I still think that Governor Romney is a highly qualified candidate, and an honorable and trustworthy and wise man, and if he wins the nomination, of course I will support him and vote for him.

The Acton Institute and Kuyper College are partnering to produce a first-ever English translation of Abraham Kuyper’s seminal work Common Grace (De gemeene gratie). The three-volume project will be published through Acton’s recently acquired imprint, Christian’s Library Press, and the first volume is slated to appear in the fall of 2012.

More details are appear below and at the Kuyper translation project page. You can sign up at the page to be kept up-to-date as the project progresses. There you can also download and share a brochure about the project (PDF), the table of contents for the three volumes (PDF), as well as a translation of Kuyper’s introduction to the first volume (PDF). These brochures were distributed to attendees of last week’s conference hosted by the Abraham Kuyper Center for Public Theology at Princeton Theological Seminary, “Calvinism and Culture.”


There is a trend among evangelicals to engage in social reform without first developing a coherent social philosophy to guide the agenda. To bridge this gap, Acton Institute and Kuyper College are partnering together to translate Abraham Kuyper’s seminal three-volume work on common grace (De gemeene gratie). Common Grace was chosen because it holds great potential to build intellectual capacity within evangelicalism and because a sound grasp of this doctrine is what is missing in evangelical cultural engagement. Common Grace is the capstone of Kuyper’s constructive public theology and the best available platform to draw evangelics back to first principles and to orient their social thought.

Press Release

GRAND RAPIDS, Mich. (April 19, 2011)—The Acton Institute and Kuyper College are collaborating to bring for the first time to English-language audiences a foundational text from the pen of the Dutch theologian and statesman, Abraham Kuyper. Kuyper’s three-volume work, Common Grace (De gemeene gratie) appeared from 1901-05, during his tenure as prime minister in the Netherlands.

These works are based on a series of newspaper editorials intended to equip common citizens and laypersons with the tools they needed to effectively enter public life. The doctrine of common grace is, as Kuyper puts it, “the root conviction for all Reformed people.”

“If the believer’s God is at work in this world,” says Kuyper, “then in this world the believer’s hand must take hold of the plow, and the name of the Lord must be glorified in that activity as well.”

Dr. Stephen Grabill, director of programs at the Acton Institute, serves as general editor of the project. He points to the contemporary need to understand Kuyper’s comprehensive and cohesive vision for Christian social engagement. “There are a host of current attempts to try to describe how evangelicals should be at work in the world,” Grabill said. “Kuyper’s articulation of the project of common grace shows how these efforts must be grounded in and flow naturally from sound doctrine.”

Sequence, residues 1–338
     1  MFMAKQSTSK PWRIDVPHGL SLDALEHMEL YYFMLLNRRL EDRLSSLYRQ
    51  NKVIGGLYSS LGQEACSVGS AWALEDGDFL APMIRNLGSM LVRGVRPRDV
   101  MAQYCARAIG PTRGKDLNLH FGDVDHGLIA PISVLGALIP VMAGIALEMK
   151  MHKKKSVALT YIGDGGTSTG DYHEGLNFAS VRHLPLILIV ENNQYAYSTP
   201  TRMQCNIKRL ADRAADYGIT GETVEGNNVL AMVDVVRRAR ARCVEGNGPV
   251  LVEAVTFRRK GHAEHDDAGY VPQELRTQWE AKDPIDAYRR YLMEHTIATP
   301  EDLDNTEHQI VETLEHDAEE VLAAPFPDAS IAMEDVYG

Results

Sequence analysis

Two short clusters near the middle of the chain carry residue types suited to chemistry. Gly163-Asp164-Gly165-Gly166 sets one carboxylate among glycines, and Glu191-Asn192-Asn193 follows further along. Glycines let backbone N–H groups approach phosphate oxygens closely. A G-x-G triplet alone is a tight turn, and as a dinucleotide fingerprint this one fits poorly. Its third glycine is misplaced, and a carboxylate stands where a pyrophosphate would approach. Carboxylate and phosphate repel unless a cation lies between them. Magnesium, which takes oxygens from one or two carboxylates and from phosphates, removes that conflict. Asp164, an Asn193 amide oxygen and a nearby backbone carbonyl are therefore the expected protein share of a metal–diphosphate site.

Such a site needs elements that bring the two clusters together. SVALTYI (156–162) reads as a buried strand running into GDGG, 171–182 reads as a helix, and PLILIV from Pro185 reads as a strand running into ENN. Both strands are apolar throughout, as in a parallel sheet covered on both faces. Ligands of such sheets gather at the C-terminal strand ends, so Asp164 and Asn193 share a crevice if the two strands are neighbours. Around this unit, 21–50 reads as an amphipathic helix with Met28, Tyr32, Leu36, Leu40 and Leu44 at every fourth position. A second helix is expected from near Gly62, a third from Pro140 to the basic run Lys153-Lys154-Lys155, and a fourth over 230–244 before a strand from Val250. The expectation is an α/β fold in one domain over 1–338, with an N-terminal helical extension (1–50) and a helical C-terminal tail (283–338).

Placing social engagement, particularly within the context of business activity, in the broader context of sound theology is a large part of what led Kuyper College to partner in this translation project. “Abraham Kuyper’s project in Common Grace helps provide a reliable and engaging theological basis for our new business leadership program,” said Kuyper College president Nicholas Kroeze.

John Bolt, professor of systematic theology at Calvin Theological Seminary and author of A Free Church, a Holy Nation: Abraham Kuyper’s American Public Theology, will serve as a theological advisor to the project. He describes the basic intention of Kuyper’s work as intended “to challenge the pious, orthodox, Reformed people of the Netherlands to take seriously their calling in Dutch culture and society. His basic argument was: God is not absent from the non-church areas of our common life but bestows his gifts and favor indiscriminately to all people.”

The translation and publication project will cover a two year period, and the three volumes total over 1,700 pages in the original. Dr. Nelson Kloosterman of Worldview Resources International and translator of numerous Dutch works will oversee the translation of the texts. The completed translation will be published by Christian’s Library Press, the recently acquired imprint of the Acton Institute. Volume one of Common Grace is scheduled to appear in the fall of 2012.

For more information please visit:

Thrift almost seems like a lost virtue among much of our governing class. It is also true of the general population. We don’t have to just look at our staggering public debt, but consumer credit card debt tells the story too. In a past post on the virtue of thrift, Jordan Ballor reminds us that “thrift is one of the things that separates civilized capitalism from savage consumerism.”

When I worked for U.S. Congressman Gene Taylor in Mississippi, we had a lot of second-hand office equipment. The boss was always serious about saving tax dollars. I know there are still representatives out there that take thrift seriously. However, we should also let the illustration provided by Amity Shlaes on Calvin Coolidge over at National Review sink in, especially given some of the lavish entertainment we hear about in Washington:

For Coolidge, no savings was too small to overlook. Recently William Jenney, the archivist for the state of Vermont at the Coolidge homestead, pulled out for me an old looseleaf notebook. It contained the White House housekeeper’s journal of outlays for White House entertainment. The White House, even then, received tens of thousands of visitors a year; the Coolidges hosted Col. Charles Lindbergh and Ignacy Padereweski, the pianist and politician. There were many days when Coolidge shook 2,000 hands. But he also kept an eye on the budget. For 1926, the housekeeper itemized each purchase for each event; the total was $11,667.10. For 1927 she managed to get the amount down to $9,116.39. The president reviewed this and wrote her a note: “To Miss Riley, very fine improvement.”